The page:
Georgetown University’s Newspaper of Record since 1920

The Hoya

Georgetown University’s Newspaper of Record since 1920

The Hoya

Georgetown University’s Newspaper of Record since 1920

The Hoya

Movie Review: ‘The Judge’

WARNER BROS. Robert Downey Jr. and Robert Duvall star in new courtroom drama "The Judge."
Robert Downey Jr. and Robert Duvall star in new courtroom drama “The Judge.”


In theory, the lawyer and the judge are both tightly bound by their role in interpreting and doing justice under the law as they stand on opposite sides of the wooden platform in a courtroom. They are certainly polar opposites in many ways, yet at the same time they are similar — just as long as you don’t forget who sits higher up.

“The Judge” puts this theory into practice and explores the very human dynamics behind our legal system.

The star-studded cast, which includes Robert Downey Jr., Robert Duvall, supporting actor Billy Bob Thornton and a cameo by Leighton Meester, comes together to produce a powerful narrative about a slickcity lawyer and a hardened old judge, but more notably about a father and his son.

Downey Jr. plays Hank Palmer, a defense attorney with an impressive law degree from Northwestern but a less than stellar distant past. After he learns of his mother’s passing from cancer, he is obligated to return to his home in the predictable, yet charming small town setting of Carlinville, Ind. Upon his arrival, Hank faces not only his haunting past, but even more terrifyingly, his family.

Hank’s verbal prowess and inside knowledge of law make him a dynamic lawyer. His home life however, is not nearly as put together: his wife is sick of his ridiculous work schedule and his 11-year-old daughter Laura craves her father’s attention.

Although the plotline is fairly cliche, Downey Jr.’s performance makes it realistic as he speeds out of his driveway and into the landscape of his past. It is reminiscent of Downey’s role as the infamous Tony Stark, a careless know-it-all who must learn to use his intelligence with wisdom and sympathy.

But what Hank doesn’t foresee is that his father, a well-respected judge of 42 years, is accused of murder and needs the best attorney money can buy. The trial that follows is a whirlwind of pride and prejudice that takes place more between the judge and the lawyer than the defendant and the jury.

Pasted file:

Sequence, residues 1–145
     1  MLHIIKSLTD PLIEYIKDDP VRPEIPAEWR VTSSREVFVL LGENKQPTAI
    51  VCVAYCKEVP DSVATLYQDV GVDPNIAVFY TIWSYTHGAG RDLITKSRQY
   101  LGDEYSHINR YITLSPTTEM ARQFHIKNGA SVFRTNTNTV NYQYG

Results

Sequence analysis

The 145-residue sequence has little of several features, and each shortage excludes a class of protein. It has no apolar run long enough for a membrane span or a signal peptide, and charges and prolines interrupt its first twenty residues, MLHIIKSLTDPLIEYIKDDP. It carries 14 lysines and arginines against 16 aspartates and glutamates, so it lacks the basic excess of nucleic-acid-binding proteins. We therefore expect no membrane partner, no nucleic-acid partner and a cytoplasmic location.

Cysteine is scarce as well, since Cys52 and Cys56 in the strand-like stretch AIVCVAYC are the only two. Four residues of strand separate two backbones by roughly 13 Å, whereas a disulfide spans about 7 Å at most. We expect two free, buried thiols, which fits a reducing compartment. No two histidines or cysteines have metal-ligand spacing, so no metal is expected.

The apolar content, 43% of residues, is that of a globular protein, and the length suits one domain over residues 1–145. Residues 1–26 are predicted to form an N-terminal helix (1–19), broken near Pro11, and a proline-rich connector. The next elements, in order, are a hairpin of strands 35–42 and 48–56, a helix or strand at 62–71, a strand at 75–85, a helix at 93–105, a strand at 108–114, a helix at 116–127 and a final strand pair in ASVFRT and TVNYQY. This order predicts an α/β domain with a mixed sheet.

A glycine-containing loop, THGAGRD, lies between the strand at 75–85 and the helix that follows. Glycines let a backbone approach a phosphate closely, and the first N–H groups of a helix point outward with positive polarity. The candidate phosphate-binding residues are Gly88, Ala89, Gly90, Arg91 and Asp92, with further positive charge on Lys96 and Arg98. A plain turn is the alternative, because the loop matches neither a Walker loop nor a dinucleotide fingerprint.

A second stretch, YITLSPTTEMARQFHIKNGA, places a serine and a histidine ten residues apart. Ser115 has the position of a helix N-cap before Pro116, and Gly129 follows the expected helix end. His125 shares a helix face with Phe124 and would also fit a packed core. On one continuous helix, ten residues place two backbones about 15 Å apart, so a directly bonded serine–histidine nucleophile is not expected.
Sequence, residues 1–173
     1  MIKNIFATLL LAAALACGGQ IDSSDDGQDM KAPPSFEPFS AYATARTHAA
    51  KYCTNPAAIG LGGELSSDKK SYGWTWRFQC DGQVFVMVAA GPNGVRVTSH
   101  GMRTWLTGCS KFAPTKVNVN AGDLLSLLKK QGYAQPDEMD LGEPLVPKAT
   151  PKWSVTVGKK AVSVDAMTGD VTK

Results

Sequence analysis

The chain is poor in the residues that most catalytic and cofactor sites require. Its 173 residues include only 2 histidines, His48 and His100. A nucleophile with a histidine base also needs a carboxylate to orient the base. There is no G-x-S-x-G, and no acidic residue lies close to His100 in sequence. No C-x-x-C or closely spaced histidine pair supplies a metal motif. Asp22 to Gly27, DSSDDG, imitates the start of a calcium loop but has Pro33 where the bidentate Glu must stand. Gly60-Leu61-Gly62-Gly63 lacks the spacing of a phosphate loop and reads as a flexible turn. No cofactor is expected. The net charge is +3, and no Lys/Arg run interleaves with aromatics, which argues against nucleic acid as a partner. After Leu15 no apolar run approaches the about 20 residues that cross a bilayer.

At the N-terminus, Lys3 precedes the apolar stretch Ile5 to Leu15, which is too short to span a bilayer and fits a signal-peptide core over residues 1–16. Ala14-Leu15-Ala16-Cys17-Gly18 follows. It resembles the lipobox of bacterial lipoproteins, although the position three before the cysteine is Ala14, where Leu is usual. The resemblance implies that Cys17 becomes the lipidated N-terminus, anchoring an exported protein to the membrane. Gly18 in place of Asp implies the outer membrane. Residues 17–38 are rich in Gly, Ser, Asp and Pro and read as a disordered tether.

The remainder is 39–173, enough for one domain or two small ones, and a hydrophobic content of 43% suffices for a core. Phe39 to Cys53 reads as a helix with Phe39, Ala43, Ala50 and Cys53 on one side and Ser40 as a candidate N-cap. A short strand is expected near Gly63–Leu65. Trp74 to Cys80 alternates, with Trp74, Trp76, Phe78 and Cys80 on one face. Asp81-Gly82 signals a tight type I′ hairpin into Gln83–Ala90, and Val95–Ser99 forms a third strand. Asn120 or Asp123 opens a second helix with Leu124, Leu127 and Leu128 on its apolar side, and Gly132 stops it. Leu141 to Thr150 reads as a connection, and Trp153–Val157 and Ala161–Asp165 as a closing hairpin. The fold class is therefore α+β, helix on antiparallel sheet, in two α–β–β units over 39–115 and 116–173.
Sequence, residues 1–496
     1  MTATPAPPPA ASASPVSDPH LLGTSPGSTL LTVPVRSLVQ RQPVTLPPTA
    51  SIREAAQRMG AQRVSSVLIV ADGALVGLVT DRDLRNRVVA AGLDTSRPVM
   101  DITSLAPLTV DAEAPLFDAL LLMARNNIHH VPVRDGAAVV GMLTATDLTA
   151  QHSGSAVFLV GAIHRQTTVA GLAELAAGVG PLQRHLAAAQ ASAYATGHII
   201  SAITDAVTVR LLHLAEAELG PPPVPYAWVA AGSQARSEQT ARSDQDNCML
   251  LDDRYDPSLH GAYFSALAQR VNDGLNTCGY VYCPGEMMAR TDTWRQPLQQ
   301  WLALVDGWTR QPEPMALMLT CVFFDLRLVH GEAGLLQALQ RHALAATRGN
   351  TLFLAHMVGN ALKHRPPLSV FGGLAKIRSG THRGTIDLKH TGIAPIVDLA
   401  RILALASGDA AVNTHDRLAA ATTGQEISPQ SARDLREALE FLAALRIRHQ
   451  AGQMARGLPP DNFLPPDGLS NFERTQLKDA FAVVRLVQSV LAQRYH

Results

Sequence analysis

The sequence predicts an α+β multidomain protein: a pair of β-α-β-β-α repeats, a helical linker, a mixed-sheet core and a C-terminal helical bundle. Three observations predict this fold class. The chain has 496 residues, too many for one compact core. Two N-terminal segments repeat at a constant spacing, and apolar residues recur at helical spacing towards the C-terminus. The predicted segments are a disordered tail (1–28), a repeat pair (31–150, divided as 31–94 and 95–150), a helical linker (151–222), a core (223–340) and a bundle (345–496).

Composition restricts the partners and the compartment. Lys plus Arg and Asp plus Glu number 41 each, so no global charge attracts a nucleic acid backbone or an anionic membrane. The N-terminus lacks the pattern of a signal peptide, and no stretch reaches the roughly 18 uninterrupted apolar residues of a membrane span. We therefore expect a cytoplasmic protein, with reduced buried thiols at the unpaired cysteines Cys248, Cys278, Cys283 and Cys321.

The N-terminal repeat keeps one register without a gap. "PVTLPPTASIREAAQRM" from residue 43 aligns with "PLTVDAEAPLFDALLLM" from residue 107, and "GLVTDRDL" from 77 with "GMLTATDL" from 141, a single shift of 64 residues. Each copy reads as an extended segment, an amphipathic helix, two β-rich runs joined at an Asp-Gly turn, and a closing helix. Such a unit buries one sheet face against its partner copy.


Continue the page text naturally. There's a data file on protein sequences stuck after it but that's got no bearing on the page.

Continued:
The obvious and most intriguing aspect of the movie was the father-son dynamic between Hank and the judge. The judge is a classic old codger: a stickler for accuracy with a strong predilection for justice. He wants to leave behind a legacy consistent with those values, despite his fast-paced, city slicker son wanting him to squeeze his way out of jail time, as all the rest of his “guilty” clients do. The clash of old and new traditions is especially evident.

In some ways Hank and his father are polar opposites: the judge versus the lawyer, the honest versus the shameless. However, the two have more in common than meets the eye: both are stubborn as mules, fight hard for what they want, and are acutely self-aware almost to a fault. It is the similarities in personality and behavior that they share, along with their differences, that make their relationship so fascinating.

One minute they are at each other’s throats ready to fight, and the next they are having frank conversations about the past or chuckling about the utter ridiculousness of their circumstances. They are similar in so many ways that they simply cannot coexist without somehow finding a compromise.

The movie relied heavily on classic Hollywood cliches to develop its story. A decent chunk of the lines were so predictable I could mouth them before they were even said, and much of the plot was similar to that of classic legal movies such as “A Few Good Men.” It follows a major trial full of supposedly unexpected twists and turns with an even more improbable yet completely predictable verdict.

In addition to some anticipated and seemingly forced insertions of humor, the film also fell victim to other cheesy Hollywood sentiments like the rekindling of a high school romance between Hank and his small-town ex-girlfriend Samantha and a violent hurricane during which Hank and the judge finally hash out the reasons for their estrangement between screams of insults.

Even with “The Judge’s” shortcomings, I still felt as though I had seen something truly complex. Each character’s role was well-developed and added dimension to their stereotypical selves. Duvall is the perfect intimidating old man who is stuck in his ways and obsesses over the preservation of his life’s work. Robert Downey Jr. gave one of the best performances of his career: Quick, smart and sarcastic, he brought the nuanced yet lovable character of Hank Palmer to life in an impeccably believable way.

As the credits rolled at the end of the film screening, director David Dobkin made a brief appearance to answer a few questions. Interestingly enough, Dobkin is from Bethesda, Md., making him a regular hometown hero.

He used his own experience to inspire parts of the film, such as Leighton Meester’s character Carla, who attends Georgetown University and even some of the father-son issues, though he chuckled saying that his relationship with his father was “nothing nearly as bad as the judge’s with his son.”

Prepare yourself for 141 minutes of ups and downs, nuanced humor and a family with even more problems than your own, because “The Judge” is all of that and more, and definitely worth the watch.

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